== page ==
The Garmin Vivosmart 5 fitness tracker has a battery that will last for seven days, according to the manufacturer’s website. In reality, the battery lasted for about three days, because if you check the small print, the seven days of use is only (possibly) achievable in “smartwatch mode,” meaning if you don’t use the sleep tracking or blood oxygen monitoring features. Why anyone would not want to use these features if they are there, and if Garmin’s research sees them as unimportant and not a priority for people (thus prompting it to ignore them for the battery life claim), why make them features at all?
Elsewhere, Huawei says the Watch GT 3’s battery will last for 14 days with “typical” use. In the small print, it says this comes from lab tests, and then explains how it arrived at the figure in fine detail. That’s fine, but it also makes a secondary claim that in some situations the battery will only last for eight days. Huawei has tailored the tests to arrive at a high figure that catches the eye and then highlighted it, rather than opting to widely show the more accurate real-world battery lifetime. When I used the Watch GT 3, the battery lasted for seven days.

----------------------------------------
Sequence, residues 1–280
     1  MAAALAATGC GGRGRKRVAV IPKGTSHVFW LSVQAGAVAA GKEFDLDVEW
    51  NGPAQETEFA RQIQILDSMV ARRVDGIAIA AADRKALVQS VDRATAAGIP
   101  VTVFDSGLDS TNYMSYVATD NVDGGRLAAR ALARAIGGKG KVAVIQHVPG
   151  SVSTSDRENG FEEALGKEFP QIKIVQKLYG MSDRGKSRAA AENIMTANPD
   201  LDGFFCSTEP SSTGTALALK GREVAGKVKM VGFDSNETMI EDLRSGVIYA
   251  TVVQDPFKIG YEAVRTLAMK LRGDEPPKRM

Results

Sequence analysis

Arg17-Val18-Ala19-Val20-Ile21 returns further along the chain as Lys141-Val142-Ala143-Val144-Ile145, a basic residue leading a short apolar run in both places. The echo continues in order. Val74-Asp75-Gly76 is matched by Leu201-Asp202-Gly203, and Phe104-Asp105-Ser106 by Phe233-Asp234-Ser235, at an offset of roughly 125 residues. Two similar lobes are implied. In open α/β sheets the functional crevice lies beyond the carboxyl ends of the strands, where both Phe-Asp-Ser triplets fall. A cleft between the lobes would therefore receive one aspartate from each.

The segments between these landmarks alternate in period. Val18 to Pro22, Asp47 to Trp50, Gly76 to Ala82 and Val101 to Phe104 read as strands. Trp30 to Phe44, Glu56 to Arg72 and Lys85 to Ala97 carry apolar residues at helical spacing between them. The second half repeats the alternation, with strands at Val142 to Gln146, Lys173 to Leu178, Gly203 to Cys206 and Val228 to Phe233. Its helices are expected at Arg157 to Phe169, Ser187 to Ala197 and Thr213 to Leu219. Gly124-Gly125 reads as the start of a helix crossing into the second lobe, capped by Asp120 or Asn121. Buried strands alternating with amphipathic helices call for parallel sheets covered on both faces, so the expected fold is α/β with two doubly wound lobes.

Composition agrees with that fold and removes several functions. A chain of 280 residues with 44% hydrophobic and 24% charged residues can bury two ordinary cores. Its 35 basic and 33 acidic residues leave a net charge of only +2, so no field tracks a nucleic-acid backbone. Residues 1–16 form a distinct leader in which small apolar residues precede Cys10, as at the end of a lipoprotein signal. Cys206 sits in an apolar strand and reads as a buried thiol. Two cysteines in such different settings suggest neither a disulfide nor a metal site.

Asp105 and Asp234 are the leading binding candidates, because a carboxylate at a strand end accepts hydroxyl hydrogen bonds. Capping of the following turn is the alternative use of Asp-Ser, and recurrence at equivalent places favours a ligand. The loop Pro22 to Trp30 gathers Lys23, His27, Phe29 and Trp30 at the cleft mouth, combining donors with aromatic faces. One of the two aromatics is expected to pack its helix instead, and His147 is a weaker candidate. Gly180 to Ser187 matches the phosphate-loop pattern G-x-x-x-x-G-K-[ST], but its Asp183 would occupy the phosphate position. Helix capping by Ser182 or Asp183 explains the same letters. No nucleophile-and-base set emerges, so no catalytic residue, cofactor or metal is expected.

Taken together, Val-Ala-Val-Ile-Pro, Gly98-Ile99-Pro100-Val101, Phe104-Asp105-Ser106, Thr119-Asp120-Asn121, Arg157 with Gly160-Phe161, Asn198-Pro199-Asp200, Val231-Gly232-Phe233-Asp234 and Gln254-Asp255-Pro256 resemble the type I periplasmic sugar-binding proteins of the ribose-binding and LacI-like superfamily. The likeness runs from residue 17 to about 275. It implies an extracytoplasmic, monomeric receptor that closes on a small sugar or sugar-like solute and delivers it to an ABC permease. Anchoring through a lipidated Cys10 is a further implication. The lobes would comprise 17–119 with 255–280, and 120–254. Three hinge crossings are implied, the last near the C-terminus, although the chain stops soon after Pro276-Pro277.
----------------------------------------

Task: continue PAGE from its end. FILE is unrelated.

These are by no means the only culprits, but simply examples of a frustrating trend that’s misleading buyers.
Making battery life (and battery-charging speeds too, but that’s another story) a major selling point for these companies and many others comes from the two biggest names in the industry not making a big deal out of either. In the frantic scramble for attention when your name is not Apple or Samsung, showing the advantages of your product over competing tech is vital to success.
You really have to scroll down deep into Apple’s iPhone 13 Pro promo page to find the first mention of battery life, and when you do, it simply tells you that it’s “the best battery life ever on an iPhone,” and states how many more hours you’ll get from the battery compared to previous iPhone models. That’s it, no clear claims, no headline number, and one line about it in the small print. It assumes you are already an iPhone owner and quietly gives you a reason to upgrade, but it’s really no more helpful than splashing a single figure across the page.